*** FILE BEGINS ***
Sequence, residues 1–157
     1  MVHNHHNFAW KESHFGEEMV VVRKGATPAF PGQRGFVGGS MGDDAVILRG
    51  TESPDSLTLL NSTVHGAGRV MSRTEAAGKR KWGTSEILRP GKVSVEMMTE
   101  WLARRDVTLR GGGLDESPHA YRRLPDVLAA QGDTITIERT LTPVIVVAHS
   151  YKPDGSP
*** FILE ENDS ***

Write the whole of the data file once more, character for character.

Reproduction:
Sequence, residues 1–157
     1  MVHNHHNFAW KESHFGEEMV VVRKGATPAF PGQRGFVGGS MGDDAVILRG
    51  TESPDSLTLL NSTVHGAGRV MSRTEAAGKR KWGTSEILRP GKVSVEMMTE
   101  WLARRDVTLR GGGLDESPHA YRRLPDVLAA QGDTITIERT LTPVIVVAHS
   151  YKPDGSP